Along the way, his interest in how things worked and his ability to design new ways of working proved invaluable. After getting married in Manchester, he  moved to Carlisle, close to the Scottish border, and worked in Nestle’s manufacturing plant. It was there – in Carlisle, not the plant – that his second son Nick was born.  

The big move 

After a shift to New Zealand 1982, Jim became chief engineer at VanCamp chocolate – later purchased by Red Tulip – maintaining, then designing and building their manufacturing equipment.  

All these years later, his enthusiasm for that job shines through: “They allowed me to do things my way and get on with it. It was fantastic what they let me do. We designed and built some amazing equipment.”  

When Red Tulip was bought out by Cadbury in 1989, operations shifted to Dunedin and Jim was made redundant in the process – some of Jim’s machinery was still in use when it closed in 2018. Despite being highly skilled, his lack of formal qualifications made it hard to find another job at the same level, and he formed Production Techniques Limited (later shortened to PTL) in 1989.  Jim and his fledgling business jumped from odd job to odd job – designing a live chicken-handling plant, and building machinery to fill lipstick tubes, nail polish bottles and deodorant bottles for Elizabeth Arden. Although every job was a chance to learn new techniques, getting back into the confectionary business was always at the back of his mind.  

A year later, an opportunity came along to work with ex-Red Tulip team members in the US. This job saw Jim design, build and install a large, complex chocolate moulding plant in a factory in Tacoma, Washington state. The machinery was one of the first to not only fill and mould the chocolates but pack them as well. The project solidified Jim’s reputation as a confectionary innovator. 

Building PTL  

After Tacoma, Jim took on more confectionary projects, and the seeds of PTL were planted. At first, he and his team built custom machines for individual businesses, but PTL quickly started producing its own range of confectionery machinery.  

Jim, always the fixer, was constantly on the lookout for better ways to do things. “When I got into confectionery, I wanted to fix what I saw – machines that couldn’t be pulled apart, removing tools, process hygiene,” he says. Hygienic design was always a passion, putting him ahead of competitors at the time.  

From there, the business continued to grow. A big Kiwi snack producer pulled them in to build a new slitter and bar line parts , which then became a major product line. More companies came on board, with higher requirements and expectations. Eventually, PTL started making complete, automated lines that could produce up to 3000 bars per minute for the US market.  

That paved the way for further expansion and growth and now, PTL works with some of the world’s largest multinationals. 

 A reputation for innovation 

Jim’s flexible, pragmatic approach to engineering became the foundation of PTL. He was never embarrassed about his lack of formal training – he thinks of it as an asset.  

“I wasn’t boxed in by traditional thinking. Other people always thought what we did was too risky. We thought it was exciting and interesting to find ways to make things work. There’s no background of academic qualifications – so I just look for good ways of doing, and call in engineers to get the numbers right,” he explains.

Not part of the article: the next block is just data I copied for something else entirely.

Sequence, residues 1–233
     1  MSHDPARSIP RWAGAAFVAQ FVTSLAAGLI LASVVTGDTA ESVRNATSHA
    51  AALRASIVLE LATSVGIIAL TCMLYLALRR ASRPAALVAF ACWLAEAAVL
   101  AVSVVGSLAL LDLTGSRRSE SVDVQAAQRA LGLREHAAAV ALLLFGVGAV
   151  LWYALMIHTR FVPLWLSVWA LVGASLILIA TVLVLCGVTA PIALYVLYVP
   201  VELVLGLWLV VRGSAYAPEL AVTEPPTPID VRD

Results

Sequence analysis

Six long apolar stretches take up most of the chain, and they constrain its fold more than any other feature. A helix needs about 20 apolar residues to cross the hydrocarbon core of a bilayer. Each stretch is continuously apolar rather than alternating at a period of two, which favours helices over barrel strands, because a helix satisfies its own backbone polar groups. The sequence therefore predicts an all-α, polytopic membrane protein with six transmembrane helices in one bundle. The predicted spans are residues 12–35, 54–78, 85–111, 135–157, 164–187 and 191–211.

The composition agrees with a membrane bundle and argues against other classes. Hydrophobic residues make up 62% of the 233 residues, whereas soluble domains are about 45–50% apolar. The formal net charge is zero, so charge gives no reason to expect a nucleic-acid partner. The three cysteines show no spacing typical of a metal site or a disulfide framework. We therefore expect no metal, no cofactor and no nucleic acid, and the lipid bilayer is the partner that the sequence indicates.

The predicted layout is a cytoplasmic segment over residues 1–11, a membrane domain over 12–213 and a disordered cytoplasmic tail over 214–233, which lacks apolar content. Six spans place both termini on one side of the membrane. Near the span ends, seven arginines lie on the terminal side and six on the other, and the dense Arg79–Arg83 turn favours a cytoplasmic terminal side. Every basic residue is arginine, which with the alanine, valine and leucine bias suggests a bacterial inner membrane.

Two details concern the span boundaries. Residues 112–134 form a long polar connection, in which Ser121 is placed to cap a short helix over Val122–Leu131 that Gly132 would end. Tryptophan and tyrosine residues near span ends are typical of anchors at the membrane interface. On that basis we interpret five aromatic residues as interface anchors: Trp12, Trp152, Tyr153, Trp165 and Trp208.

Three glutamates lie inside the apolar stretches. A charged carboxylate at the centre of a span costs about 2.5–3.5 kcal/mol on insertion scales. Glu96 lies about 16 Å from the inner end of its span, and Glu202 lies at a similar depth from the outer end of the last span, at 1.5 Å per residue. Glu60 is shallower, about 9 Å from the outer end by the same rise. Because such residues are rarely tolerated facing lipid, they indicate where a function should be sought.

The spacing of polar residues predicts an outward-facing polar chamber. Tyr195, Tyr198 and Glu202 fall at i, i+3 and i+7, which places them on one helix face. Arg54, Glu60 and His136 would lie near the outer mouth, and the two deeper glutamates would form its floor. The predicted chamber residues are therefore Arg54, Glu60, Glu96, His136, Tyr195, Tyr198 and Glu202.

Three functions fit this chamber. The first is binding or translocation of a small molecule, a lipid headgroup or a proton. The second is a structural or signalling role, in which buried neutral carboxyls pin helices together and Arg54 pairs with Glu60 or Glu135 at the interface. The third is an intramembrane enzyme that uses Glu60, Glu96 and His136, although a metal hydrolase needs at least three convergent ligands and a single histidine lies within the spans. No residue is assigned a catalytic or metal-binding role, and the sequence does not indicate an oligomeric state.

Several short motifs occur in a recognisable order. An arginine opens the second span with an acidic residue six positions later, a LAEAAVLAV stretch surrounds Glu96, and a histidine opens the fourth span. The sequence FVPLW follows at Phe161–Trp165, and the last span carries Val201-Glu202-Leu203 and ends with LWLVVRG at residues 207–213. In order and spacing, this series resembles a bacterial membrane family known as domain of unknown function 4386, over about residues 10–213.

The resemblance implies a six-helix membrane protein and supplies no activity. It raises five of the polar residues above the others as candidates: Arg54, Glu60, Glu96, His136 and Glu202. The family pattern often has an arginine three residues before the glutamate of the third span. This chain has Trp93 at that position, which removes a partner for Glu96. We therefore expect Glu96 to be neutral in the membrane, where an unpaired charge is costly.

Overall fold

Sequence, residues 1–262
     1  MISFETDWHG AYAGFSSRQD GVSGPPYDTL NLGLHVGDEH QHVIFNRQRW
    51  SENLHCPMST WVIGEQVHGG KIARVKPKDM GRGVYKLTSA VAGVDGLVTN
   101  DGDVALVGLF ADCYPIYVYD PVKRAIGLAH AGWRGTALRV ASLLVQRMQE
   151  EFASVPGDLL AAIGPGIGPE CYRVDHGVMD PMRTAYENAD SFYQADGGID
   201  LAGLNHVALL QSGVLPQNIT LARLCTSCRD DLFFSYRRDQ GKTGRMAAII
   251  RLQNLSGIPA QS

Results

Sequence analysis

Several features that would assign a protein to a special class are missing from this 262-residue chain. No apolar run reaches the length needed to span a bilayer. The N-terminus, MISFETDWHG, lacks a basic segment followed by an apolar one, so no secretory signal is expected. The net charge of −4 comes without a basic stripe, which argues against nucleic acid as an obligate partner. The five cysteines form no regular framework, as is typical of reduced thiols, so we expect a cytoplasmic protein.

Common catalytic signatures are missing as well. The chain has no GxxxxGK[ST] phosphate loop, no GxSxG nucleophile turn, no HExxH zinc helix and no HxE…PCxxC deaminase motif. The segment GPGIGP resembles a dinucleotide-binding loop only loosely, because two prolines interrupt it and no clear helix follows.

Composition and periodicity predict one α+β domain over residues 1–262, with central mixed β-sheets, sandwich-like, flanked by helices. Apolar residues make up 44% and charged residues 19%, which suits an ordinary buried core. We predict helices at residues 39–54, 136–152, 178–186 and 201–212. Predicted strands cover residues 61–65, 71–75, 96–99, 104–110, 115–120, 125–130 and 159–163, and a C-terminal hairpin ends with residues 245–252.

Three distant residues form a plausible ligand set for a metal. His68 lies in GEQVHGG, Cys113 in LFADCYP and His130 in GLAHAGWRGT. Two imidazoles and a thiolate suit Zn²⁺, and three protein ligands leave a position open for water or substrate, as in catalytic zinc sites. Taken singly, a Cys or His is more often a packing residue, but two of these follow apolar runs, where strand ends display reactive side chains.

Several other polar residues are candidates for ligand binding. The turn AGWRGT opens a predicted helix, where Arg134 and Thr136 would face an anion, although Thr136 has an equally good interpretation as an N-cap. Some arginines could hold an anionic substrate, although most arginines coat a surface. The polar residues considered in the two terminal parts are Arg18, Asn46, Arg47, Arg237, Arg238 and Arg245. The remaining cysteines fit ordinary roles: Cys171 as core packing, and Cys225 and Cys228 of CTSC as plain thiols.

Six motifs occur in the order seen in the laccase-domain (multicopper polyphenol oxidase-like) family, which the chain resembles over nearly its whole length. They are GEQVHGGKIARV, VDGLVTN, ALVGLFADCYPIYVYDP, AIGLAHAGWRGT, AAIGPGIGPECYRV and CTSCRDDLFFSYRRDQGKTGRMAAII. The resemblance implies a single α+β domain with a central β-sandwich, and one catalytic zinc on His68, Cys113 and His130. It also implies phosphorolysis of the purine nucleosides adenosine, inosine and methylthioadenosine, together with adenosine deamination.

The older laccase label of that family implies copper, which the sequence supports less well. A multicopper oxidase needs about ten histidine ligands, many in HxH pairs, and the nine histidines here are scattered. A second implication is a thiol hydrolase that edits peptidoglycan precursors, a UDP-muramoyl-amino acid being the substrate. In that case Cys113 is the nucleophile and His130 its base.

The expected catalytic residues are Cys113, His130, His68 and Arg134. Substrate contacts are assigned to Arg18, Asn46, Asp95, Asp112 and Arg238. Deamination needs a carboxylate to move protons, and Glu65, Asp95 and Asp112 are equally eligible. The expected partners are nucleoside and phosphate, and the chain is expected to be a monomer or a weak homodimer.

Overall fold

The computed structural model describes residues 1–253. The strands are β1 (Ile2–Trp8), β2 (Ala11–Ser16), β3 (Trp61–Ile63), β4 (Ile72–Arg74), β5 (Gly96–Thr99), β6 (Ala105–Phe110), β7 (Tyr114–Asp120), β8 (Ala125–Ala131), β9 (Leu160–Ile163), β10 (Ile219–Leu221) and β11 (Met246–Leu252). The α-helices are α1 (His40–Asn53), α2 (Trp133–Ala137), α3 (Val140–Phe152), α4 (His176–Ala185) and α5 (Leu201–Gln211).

This attitude helped him – and PTL – build a reputation for real innovation in the confectionery market. The team works closely with clients, developing strong relationships and working collaboratively to find solutions that make things easier in specific businesses.  

These days, PTL maintains that crucial balance between theory and practice, with a strong team made up of highly-qualified engineers and trade engineers with hands-on experience. His son, Nick now heads up the business, backed by the engineering excellence of Mike Nevines, who’s been with PTL almost since day one.  Read Mike’s story here

Although Jim has now taken a step back, his approach remains throughout the business. 

Jim puts it like this: “Ideas flow through the factory – it didn’t have to be my idea. But, me not being harnessed by rigid guidelines, that passed down to the engineers. Our mantra has always been: why can’t we?”  

Want to know more about PTL’s innovative approach? Talk to the team now.  



When you’re in the manufacturing game, growing your business means expanding your output – and traditionally that meant taking over more and more real estate. For clients with facilities in historic buildings or those otherwise restricted in size, there simply isn’t more space to be had. For others, taking on huge fixed costs wipes out any profit to be made from new SKUs or longer runs. The answer, then, is to do more with the space you have – and that’s how we designed the V20 melter. It is incredibly compact, and takes up less than half the space occupied by traditional melt tanks. It’s also portable and self-contained – wheel it over to any line, plug it in, and let the chocolate flow.

Here’s how that can maximize your production and profit along with your use of space.

Future-proof your production

Melt tanks are part of the old guard of production: you build a line intended to create the same few products for years. But the world has changed, and manufacturers need ongoing SKU proliferation and product innovation to stay relevant. There’s no telling what your plant will need to be making in ten or even two years. With your melting function delivered by the more compact V20, you can future-proof your production – wheel it over and plug it in wherever you need it.

Reclaim space